The study protocol was in accordance with guidelines of the Helsinki Declaration of 1975, and was approved by the Ethics Committee of the Clinics Hospital of the Federal University of Paraná, Brazil (CAAE: 0159.0.208.000-08, CEP Registration: 1712.129 / 2008- 07). All patients signed an informed consent form to participate in the study.

Statistical Analysis

The measures of central tendency and dispersion are expressed as means and standard deviation (mean ± SD) for symmetrically distributed, continuous variables, and as median, minimum and maximum values for the ones with asymmetric distribution.

The estimated difference of continuous variables with normal distribution were analyzed by parametric tests, Student's t test for dependent samples, and ANOVA for repeated measures, while for asymmetric distribution variables we employed the non-parametric Wilcoxon and Friedman ANOVA tests. We applied the McNemar test in the study of the behavior of biochemical and hormonal variables according to the reference values, evaluating the categories' variations: normal, below and above the reference value, before and after liver transplantation. The results were considered statistically significant when p d" 0.05.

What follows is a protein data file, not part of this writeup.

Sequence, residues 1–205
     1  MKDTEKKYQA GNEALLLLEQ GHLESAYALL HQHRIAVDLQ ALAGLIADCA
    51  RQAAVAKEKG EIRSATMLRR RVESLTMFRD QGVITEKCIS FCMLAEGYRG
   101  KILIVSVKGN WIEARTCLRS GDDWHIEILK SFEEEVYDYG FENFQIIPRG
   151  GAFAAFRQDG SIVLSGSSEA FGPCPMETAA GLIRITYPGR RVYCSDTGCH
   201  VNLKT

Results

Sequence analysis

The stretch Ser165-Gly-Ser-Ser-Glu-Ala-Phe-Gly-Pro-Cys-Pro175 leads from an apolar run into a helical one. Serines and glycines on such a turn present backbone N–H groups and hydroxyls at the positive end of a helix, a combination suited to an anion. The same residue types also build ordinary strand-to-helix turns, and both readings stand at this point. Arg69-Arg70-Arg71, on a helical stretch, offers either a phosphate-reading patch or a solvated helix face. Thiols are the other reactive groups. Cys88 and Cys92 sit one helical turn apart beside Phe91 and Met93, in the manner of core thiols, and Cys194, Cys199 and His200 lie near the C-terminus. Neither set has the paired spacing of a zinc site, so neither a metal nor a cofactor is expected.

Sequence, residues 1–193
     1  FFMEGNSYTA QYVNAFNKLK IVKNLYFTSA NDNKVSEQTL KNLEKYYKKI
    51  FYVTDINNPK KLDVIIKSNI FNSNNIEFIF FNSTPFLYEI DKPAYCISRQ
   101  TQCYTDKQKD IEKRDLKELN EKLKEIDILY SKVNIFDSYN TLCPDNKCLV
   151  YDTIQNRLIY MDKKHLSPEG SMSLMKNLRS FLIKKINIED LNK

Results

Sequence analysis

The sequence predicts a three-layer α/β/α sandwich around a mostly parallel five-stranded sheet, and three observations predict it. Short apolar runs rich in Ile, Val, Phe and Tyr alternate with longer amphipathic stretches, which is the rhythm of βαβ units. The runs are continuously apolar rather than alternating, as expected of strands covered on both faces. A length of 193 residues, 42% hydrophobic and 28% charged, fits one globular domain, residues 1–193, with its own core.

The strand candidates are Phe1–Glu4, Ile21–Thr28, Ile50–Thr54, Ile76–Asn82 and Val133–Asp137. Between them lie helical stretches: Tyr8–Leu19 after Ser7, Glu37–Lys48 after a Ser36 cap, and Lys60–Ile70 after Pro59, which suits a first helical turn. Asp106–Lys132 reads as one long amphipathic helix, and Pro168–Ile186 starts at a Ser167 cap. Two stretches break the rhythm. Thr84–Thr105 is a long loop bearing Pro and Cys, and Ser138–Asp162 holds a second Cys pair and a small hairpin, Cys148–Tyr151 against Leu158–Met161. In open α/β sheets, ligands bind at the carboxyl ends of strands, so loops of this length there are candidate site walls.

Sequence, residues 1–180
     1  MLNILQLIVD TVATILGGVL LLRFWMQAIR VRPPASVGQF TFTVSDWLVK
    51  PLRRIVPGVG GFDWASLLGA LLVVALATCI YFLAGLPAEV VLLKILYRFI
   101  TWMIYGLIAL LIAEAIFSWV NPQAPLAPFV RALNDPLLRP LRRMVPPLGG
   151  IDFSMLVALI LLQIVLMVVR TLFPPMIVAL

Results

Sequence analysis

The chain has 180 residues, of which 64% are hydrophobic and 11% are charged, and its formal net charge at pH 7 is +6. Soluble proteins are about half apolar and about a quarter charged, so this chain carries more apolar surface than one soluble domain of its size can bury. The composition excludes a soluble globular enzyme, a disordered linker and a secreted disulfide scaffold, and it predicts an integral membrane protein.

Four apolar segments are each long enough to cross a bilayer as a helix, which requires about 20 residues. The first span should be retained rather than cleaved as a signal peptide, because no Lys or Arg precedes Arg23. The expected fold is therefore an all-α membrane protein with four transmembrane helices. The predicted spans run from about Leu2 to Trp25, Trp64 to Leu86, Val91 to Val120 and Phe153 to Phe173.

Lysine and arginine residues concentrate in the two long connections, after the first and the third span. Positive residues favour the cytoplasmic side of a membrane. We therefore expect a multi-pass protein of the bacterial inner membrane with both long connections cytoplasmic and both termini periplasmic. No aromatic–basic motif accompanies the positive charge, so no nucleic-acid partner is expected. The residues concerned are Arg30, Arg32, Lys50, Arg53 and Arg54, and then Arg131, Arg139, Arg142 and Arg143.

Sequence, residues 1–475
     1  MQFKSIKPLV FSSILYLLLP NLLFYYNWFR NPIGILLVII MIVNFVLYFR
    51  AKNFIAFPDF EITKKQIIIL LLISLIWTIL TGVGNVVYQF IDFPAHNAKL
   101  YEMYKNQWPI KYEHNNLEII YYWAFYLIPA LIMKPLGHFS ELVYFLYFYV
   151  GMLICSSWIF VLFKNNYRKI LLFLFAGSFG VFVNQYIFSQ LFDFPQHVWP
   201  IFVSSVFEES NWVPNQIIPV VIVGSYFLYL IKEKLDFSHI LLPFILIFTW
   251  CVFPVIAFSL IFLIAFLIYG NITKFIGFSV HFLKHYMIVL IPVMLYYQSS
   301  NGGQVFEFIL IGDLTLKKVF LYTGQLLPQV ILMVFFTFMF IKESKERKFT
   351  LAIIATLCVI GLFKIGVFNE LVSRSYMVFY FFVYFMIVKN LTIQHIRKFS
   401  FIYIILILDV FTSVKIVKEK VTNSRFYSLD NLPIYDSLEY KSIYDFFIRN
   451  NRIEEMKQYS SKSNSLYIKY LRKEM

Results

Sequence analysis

The FSH and LH levels were within normal limits and increased, respectively, from 8.1 mIU/ml to 13.4 mIU/ml (p = 0.002) and from 4.6 mIU/mL to 9.9 mIU/ml (p <0.001) after OLT. Estradiol was initially high, and returned to normal after liver transplantation (p = 0.001). Prolactin levels were also elevated preoperatively. After OLT its levels decreased to normal (p <0.001) (Table 2).

Table 2 -  Serum levels of FSH, LH, PRL and EE. 

Hormone Reference Pre-OLT Post-OLT p
FSH 1.5 – 12.4 mUI/mL 8.1 (0.7 – 73.0) 13.4 (2.2 – 92.5) 0.002
HL 1.7 – 8.6 mUI/mL 4.6 (1.3 – 34.0) 9.9 (2.9 – 82.2) < 0.001
E2 < 43 pg/mL 54.7 (26.0 – 466.0) 33.5 (15.5 – 314.0) 0.001
PRL 2.0 – 15.2 ng/mL 16.5 (4.8 – 68.1) 8.4 (3.2 – 29.0) < 0.001